Industrial Strength SEO

March 3, 2010
By Lisa Barone in Internet Marketing Conferences

We. Are. Back!  I hope you are, too. I just grabbed a handful of M&Ms from Dana Lookadoo and some dark chocolate Hershey kisses from Jonah Stein. My mother will be happy to know that my chocolate diet at SMX continues. Sugar highs, FTW! Muahaha!

The very-sick Vanessa Fox is back moderating speakers Eric Enge, Dave Lloyd, Craig Macdonald, and Marshall Simmonds.  She said that Q&A moderator Adam Audette is going to rap after the speakers finish their presentations. Ooo! That should be fun. For now, let’s just get into the presentations, eh?

[The ‘eh’ is for Dawn.  We’re missing her at SMX West. Come visit, Dawn!]

Eric Enge is up first. He plugs his book and holds it up to show the audience. Aw, it’s like show and tell. I wish I had something to share with everyone. This recap is all you get.

Typical SEO Issues:

  • Assessing site crawlability
  • titles and headings
  • dealing with duplicate content
  • anchor text
  • review redirects.

Some link building examples

  1. Getting your CEO Interviewed: Great link building tactic. When your CEO gets interviewed, people read the interview and they’ll link to your Web site.
  2. Contracts:  Requiring a link back to your site in the contract. [Really? People do this? Eeesh.]
  3. Public Relations

Picking an e-commerce or content management system

There are tons of problems that occur based on your CMS.  Typical problems include lack of control in specifying:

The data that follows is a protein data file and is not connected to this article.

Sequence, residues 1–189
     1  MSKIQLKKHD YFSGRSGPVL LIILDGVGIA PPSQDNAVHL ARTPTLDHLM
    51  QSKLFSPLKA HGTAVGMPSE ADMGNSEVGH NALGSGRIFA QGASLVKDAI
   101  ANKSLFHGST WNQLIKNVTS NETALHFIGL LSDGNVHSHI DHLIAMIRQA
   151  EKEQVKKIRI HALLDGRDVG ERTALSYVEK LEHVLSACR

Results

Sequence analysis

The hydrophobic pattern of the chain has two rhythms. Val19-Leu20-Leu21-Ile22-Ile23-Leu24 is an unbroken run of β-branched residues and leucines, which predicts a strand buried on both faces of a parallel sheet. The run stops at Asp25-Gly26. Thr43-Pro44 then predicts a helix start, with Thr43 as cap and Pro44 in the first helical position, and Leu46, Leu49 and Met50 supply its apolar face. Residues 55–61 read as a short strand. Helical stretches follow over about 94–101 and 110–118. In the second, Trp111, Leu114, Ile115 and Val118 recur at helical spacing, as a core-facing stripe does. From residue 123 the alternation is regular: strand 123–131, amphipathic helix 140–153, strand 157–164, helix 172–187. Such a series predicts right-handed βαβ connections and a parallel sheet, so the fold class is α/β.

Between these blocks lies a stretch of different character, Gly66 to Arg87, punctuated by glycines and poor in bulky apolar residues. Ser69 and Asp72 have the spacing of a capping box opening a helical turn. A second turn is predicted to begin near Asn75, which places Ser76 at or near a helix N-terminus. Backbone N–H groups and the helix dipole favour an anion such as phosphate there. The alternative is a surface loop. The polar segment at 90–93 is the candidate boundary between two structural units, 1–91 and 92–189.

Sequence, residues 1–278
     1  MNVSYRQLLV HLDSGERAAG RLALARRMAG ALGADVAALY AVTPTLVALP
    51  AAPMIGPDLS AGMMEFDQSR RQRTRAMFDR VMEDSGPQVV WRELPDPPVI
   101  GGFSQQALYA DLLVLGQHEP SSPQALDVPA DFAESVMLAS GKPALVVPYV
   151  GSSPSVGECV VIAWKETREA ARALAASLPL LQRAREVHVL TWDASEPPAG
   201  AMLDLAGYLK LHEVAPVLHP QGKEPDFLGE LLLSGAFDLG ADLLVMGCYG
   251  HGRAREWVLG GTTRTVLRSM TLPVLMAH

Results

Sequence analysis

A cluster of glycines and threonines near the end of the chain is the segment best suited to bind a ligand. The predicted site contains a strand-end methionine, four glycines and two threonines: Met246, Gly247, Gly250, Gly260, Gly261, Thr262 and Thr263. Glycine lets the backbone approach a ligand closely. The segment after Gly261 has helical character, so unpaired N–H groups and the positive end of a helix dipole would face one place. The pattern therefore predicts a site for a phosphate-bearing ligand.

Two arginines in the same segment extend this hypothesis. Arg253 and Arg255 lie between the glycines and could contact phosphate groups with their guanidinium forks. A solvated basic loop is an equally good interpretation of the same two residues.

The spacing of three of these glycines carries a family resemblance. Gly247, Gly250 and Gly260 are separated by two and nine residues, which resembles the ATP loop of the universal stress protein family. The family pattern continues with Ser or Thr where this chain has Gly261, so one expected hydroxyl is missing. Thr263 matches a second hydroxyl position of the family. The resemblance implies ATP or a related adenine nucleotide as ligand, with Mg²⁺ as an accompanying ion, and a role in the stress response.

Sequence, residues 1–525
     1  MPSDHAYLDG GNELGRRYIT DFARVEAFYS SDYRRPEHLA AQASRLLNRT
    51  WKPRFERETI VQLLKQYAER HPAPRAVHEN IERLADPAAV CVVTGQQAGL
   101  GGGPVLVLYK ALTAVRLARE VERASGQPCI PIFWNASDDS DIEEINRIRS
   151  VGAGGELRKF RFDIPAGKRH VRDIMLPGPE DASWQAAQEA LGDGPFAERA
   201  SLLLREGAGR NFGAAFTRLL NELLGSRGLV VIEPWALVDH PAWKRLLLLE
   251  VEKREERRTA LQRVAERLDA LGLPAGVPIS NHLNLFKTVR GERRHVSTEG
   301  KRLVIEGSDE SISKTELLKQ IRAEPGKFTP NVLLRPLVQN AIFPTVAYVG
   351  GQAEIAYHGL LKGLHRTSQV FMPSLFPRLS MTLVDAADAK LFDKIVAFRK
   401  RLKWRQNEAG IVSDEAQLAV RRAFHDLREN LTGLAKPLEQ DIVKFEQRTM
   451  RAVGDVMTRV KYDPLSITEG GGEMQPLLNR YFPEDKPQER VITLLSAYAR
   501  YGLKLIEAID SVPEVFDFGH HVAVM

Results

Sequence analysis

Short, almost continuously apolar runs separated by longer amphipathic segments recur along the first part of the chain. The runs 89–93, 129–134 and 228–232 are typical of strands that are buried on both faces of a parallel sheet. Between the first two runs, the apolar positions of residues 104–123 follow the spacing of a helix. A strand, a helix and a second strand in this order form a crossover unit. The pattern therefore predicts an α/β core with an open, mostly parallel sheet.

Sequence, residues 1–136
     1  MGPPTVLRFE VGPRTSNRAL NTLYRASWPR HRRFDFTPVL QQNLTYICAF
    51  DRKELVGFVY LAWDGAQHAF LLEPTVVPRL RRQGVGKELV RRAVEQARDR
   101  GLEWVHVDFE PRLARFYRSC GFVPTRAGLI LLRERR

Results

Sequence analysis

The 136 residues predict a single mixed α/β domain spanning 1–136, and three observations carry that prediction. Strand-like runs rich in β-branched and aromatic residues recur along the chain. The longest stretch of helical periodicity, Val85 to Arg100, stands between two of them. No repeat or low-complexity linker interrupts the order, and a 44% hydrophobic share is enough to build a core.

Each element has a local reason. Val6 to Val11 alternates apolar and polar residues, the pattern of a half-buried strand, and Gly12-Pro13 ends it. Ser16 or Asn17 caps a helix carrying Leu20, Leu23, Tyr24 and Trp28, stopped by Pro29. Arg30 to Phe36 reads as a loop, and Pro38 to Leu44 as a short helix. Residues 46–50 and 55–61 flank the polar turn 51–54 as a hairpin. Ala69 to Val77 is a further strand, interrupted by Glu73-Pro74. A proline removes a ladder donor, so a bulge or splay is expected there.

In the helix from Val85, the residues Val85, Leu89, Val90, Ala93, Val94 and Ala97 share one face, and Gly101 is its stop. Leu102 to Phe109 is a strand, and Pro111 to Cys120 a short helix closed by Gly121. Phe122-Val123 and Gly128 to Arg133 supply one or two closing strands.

• Titles
  • Heading tags
  • Meta Descriptions
  • Image Alt Tags
  • Anchor Text
  • Breadcrumbs
  • URL structure of site

Eric provides a case study for a site he worked on that had a lot of problems. There were issues with session IDs. Every page was trying to rank for the same term because they had the same Title tag on every page. They did a Forecast for them. The original site had 50K uniques a day. The new site they wanted to launch would drop that down to <5,000 a day. They ended up delaying the rollout of the site by 9 months and paid the CMS vendor six figures to put in very basic features. Oy.

  • Platforms for GOOD SEO: Drupal, Joomla, Mambo, Pixelsilk, SEO Toaster, WordPress, etc. All of these can be set up and run so they’re good for SEO. Some require substantial configuration but they give you a good starting place.
  • Platforms for BAD SEO: Open Text, ATG, IBM WebSphere, Broadvision, Escalate

Make sure you have an SEO professional review your proposed CMS before you start. Use a proxy optimization product such as GravityStream.

Scalable Content Development